Drummer Charles Goold blends styles on "Rhythm in Contrast"
On his debut album, Charles Goold searches for the "goosebump" moments in all genres of music and presents some of his original material.
The New York drummer has been playing gigs since he was 11 years old, starting with weekly appearances alongside Roberta Flack’s pianist Harry Whitaker at an Italian restaurant.
A few years later, Goold started performing every week at Small's Jazz Club with his father Ned Goold, a saxophonist whose credits include working in the bands of Harry Connick Jr. and organist Jack McDuff.
Goold studied communications and focused on collegiate track and field at Temple University, and then transferred to the Berklee College of Music.
Moving back to New York City at the age of 19, Goold played at every opportunity and sustained himself by teaching. He went on to receive a full scholarship from the Juilliard School.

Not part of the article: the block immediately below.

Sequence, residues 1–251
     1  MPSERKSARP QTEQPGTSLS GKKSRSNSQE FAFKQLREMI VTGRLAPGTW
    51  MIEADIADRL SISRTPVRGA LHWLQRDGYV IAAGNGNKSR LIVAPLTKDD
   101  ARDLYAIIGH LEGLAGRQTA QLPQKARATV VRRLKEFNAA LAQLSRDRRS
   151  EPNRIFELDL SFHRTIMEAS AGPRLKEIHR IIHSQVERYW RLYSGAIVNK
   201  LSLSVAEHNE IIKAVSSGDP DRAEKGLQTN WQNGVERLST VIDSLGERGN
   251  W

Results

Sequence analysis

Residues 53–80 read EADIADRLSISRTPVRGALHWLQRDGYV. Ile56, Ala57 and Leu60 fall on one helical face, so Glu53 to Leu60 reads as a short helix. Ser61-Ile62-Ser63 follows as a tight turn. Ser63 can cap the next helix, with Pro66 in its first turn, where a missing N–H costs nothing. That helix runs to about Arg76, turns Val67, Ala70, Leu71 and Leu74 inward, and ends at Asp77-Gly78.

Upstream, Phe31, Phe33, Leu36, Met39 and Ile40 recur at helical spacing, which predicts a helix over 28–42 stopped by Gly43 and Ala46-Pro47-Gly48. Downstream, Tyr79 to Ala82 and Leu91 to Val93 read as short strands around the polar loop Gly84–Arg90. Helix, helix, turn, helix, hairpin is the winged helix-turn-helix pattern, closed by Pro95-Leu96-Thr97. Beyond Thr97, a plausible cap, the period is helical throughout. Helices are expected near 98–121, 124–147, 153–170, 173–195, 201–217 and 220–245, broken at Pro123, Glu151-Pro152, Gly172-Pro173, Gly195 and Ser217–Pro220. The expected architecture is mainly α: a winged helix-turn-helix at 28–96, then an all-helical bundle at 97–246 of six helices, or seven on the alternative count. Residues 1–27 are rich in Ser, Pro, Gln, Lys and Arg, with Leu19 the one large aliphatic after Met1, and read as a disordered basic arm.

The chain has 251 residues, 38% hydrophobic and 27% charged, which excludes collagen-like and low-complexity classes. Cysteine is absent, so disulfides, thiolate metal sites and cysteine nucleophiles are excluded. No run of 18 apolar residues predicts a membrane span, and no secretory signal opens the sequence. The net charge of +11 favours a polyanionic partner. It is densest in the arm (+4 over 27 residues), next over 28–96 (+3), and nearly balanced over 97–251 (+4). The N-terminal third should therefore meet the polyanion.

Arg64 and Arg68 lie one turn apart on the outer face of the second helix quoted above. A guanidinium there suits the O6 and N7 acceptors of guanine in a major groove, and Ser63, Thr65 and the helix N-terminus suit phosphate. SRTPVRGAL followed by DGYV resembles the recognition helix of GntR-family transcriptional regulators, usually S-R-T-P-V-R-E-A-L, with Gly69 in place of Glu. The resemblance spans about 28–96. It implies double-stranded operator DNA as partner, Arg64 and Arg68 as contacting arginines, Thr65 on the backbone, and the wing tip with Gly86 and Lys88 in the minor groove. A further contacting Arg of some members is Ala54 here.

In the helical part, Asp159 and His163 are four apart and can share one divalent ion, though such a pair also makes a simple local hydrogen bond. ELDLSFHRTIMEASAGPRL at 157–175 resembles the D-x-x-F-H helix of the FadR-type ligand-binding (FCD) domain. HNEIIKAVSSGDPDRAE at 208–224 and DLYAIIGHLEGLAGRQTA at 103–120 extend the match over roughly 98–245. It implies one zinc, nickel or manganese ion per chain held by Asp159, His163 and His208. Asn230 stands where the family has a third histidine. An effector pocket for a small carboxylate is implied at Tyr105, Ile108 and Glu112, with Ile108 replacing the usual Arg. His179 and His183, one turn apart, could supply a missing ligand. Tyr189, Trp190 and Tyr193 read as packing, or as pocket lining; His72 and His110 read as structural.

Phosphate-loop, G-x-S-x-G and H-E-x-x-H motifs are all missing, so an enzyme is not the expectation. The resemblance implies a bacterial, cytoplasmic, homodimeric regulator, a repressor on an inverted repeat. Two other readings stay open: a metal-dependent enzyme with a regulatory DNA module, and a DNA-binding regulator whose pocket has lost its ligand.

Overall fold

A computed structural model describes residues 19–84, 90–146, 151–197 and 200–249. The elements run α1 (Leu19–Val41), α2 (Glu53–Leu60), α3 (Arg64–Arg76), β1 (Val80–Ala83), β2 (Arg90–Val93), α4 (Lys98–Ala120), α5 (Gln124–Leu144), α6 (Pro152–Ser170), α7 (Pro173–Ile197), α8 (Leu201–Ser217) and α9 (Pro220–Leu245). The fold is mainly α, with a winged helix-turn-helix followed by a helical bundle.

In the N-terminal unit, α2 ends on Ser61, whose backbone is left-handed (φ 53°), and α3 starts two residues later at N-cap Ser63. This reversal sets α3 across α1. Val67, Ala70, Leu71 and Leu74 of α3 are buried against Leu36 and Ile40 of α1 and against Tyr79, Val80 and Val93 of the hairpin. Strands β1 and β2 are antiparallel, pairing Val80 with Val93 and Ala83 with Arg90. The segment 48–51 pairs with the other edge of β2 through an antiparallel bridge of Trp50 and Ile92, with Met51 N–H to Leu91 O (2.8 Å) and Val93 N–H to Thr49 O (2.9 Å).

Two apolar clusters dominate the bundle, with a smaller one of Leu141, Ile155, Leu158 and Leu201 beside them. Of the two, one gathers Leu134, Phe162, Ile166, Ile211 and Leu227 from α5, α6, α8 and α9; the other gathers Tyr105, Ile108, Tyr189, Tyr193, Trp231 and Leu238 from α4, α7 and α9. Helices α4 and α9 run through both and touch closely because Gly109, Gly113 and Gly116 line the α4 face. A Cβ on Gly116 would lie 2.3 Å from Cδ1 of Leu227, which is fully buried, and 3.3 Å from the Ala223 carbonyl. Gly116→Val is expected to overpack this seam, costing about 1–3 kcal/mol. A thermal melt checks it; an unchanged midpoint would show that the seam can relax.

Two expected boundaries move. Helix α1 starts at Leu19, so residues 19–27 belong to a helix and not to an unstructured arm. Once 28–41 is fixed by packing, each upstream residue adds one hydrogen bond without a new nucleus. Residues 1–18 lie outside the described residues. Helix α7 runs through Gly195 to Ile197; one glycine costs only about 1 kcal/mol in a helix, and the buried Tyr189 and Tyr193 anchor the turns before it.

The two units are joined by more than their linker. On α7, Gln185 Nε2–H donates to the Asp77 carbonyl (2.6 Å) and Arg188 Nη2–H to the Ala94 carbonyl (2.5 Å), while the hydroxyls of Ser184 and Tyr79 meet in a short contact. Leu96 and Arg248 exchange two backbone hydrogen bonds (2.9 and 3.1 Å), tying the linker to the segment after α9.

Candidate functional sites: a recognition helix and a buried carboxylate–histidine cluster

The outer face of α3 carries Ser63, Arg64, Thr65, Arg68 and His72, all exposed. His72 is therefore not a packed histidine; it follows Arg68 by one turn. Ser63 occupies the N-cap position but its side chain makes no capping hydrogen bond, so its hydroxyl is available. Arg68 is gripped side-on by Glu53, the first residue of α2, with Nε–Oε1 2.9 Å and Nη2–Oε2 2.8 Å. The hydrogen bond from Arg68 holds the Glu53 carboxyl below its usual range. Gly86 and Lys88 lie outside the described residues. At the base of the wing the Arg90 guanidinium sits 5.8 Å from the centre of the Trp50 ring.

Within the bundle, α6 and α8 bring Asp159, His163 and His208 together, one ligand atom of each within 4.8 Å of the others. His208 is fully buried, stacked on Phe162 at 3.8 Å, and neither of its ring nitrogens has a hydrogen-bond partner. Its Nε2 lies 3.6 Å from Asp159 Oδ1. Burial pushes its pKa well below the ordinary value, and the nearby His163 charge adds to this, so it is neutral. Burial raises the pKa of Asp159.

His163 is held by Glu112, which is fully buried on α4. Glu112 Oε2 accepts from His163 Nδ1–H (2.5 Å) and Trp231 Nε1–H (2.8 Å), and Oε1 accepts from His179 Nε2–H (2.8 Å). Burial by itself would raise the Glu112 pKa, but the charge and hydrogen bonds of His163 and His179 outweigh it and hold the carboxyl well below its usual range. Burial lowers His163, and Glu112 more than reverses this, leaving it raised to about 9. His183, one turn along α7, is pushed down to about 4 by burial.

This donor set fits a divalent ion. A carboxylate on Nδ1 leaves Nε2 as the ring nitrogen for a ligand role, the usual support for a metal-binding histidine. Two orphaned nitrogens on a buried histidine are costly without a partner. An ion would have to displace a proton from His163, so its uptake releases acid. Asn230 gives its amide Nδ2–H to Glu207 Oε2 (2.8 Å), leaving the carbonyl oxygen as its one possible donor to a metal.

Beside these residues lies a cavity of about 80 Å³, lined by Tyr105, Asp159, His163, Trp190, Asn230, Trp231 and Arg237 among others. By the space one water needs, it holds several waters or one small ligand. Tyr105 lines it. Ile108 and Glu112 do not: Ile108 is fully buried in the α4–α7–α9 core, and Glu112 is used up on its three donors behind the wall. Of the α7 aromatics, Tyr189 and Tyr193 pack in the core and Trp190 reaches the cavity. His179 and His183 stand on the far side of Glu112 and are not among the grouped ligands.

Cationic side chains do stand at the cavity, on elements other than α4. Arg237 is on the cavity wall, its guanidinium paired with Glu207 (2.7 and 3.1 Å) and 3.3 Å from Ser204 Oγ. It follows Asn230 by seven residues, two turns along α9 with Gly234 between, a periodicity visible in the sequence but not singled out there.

Goold has performed with a wide variety of acts, from vocalists like Jon Hendricks, Johnny O'Neal and Andy Bey to Wynton Marsalis's Jazz at Lincoln Center Orchestra and vibraphonist Steve Nelson. He has also collaborated with rappers Cam’Ron, Talib Kweli and Ghostface Killah.
To honor his mother's Haitian roots, Goold volunteers every year with the nonprofit group Experience Ayiti, an organization that brings Haitian-American and New York City musicians to the island to help empower Haitians through aid, master classes and concerts.
Goold's debut album "Rhythm in Contrast" features his original compositions, reflecting his experience in New York City. Released in February, the recording mixes the influences of hard bop, hip hop, New Orleans and the Caribbean.
"I like a lot of styles of music," Goold stated in a press release. "And I think they all have equal ability to give that 'goosebumps' feeling. And when you mix them together, you can convey that to other people and lift them up."
Listen for "Gettin' Out Blues" from Charles Goold's "Rhythm in Contrast" on KNKX's Midday and Evening Jazz programs.